Trust in the news is substantially up in Canada, new report finds

Reuters Institute Digital News report finds that Canadians trust their news more compared to other nations. Continue Reading Trust in the news is substantially up in Canada, new report finds

Canadians have a lot of trust in their news — more than can be found in most other countries.

According to the 2018 edition of the Reuters Institute Digital News Report, 58 per cent of Canadians trust in news overall, up nine points from last year. When asked about the news they personally use, 63 per cent of people say they trust it.

The most trusted brands for Anglophones are also the most popular news brands. CTV was the most trusted, followed by CBC, Global News and the Globe and Mail.

For Francophones, Radio-Canada was the most trusted followed by La Presse. “The TVA network is in fourth place, although widely more popular as a news source, possibly because of its more populist and opinionated content,” wrote Colette Brin, author of the Canadian section. Among English language brands, right wing brand The Rebel appeared at the bottom of the list.

The report overall found there are signs of hope for news media worldwide. “Change is in the air with many media companies shifting models towards higher quality content and more emphasis on reader payment,” wrote Nic Newman, research associate at the Reuters Institute.

“Yet these changes are fragile, unevenly distributed, and come on top of many years of digital disruption, which has undermined confidence of both publishers and consumers,” he continued. “Our data show that consumer trust in news remains worryingly low in most countries, often linked to high levels of media polarisation, and the perception of undue political influence.”

The average level of trust was 44 per cent. Finland and Portugal had the highest trust levels, while Greece and South Korea had the lowest levels of trust. Canada ranked fifth overall in trust levels.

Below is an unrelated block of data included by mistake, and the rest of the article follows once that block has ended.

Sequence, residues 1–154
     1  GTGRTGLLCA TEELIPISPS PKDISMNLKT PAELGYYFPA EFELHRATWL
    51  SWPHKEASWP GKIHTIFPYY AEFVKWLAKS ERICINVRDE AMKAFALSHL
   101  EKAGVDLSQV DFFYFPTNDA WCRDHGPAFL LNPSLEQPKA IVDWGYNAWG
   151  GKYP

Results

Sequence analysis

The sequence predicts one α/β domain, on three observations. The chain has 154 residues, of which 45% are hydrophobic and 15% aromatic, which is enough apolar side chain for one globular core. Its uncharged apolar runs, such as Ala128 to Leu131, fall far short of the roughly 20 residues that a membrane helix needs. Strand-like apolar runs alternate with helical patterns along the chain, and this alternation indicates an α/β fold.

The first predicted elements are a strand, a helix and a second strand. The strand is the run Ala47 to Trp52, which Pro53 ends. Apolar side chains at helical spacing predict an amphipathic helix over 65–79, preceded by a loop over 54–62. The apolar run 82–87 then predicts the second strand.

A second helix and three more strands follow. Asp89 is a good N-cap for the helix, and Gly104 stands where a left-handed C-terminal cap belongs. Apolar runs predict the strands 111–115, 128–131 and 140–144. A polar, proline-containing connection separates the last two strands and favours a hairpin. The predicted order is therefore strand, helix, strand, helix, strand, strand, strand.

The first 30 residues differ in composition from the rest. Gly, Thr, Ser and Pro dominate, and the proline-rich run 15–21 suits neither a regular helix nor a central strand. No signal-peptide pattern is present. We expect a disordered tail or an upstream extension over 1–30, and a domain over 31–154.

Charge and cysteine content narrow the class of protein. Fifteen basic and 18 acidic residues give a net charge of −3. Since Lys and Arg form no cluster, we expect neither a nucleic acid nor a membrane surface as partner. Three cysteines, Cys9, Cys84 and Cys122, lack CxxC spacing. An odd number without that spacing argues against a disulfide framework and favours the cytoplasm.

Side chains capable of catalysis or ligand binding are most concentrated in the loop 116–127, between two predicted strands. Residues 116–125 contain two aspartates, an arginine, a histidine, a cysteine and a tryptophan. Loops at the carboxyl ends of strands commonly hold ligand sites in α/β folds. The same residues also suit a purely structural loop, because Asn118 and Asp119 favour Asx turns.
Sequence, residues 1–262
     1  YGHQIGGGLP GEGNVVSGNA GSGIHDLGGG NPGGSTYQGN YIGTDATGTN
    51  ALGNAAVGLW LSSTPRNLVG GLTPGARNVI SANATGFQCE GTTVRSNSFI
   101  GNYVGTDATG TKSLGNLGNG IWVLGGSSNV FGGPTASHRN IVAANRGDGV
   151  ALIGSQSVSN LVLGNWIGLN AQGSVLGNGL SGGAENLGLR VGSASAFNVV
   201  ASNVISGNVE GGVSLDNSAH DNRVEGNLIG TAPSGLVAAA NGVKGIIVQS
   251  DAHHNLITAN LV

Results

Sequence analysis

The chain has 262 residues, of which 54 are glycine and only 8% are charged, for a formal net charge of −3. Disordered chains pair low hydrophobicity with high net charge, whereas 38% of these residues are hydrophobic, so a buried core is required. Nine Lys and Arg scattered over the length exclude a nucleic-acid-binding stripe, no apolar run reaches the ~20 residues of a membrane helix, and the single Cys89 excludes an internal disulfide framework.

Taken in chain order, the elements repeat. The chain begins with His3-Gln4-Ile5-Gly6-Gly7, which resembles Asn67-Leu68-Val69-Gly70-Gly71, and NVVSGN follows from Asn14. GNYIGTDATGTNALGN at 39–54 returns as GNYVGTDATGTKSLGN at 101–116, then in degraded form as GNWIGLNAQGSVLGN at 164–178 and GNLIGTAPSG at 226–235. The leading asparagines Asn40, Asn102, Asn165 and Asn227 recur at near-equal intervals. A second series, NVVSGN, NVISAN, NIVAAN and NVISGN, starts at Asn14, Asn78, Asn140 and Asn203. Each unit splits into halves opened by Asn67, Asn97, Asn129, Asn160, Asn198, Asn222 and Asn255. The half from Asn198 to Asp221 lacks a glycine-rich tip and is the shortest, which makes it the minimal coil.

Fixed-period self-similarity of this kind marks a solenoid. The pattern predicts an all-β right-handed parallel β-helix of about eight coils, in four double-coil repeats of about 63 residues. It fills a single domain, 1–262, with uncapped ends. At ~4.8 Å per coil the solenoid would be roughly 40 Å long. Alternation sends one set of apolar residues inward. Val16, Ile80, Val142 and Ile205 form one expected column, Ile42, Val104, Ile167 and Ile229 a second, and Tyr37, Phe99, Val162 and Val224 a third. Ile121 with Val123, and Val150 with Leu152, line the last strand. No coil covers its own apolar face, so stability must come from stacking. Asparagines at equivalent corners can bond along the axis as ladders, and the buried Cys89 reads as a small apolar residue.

The report also sheds light on how Canadians are getting their news. Most people are still accessing news online via computers rather than smartphones. The percentage of people who get their news from print sources continues to fall year over year.

Only nine per cent of Canadians polled paid for news in 2018, up slightly from the previous year but still low compared to other nations. But many more — 29 per cent — use an adblocker.

Facebook continues to be the top social media app used in Canada, followed by YouTube and Twitter. However, the use of social media for news has started to fall in several nations because of the decline of discovery of news on Facebook. “It is worth noting that average Facebook use for any purpose has remained broadly static since 2015, while its use for news has declined,” the report states. “This suggests either a fall in general engagement or a reduction in exposure to news by the Facebook algorithm, as the company prioritises interactions with family and friends and tries to limit the impact of ‘fake’ news.”

The survey’s findings correspond with a recent EKOS poll commissioned by the CRTC, which found “Canadians place strong importance on news programming relative to other genres of audio and/or video programming” and that “three in four (75 per cent) respondents in the representative survey indicated that national and international news is of importance to them personally and just over two-thirds (69 per cent) indicated that local news is of importance.”

H.G. Watson was J-Source's managing editor from 2015 to 2018. She is a journalist based in Toronto. You can learn more about her at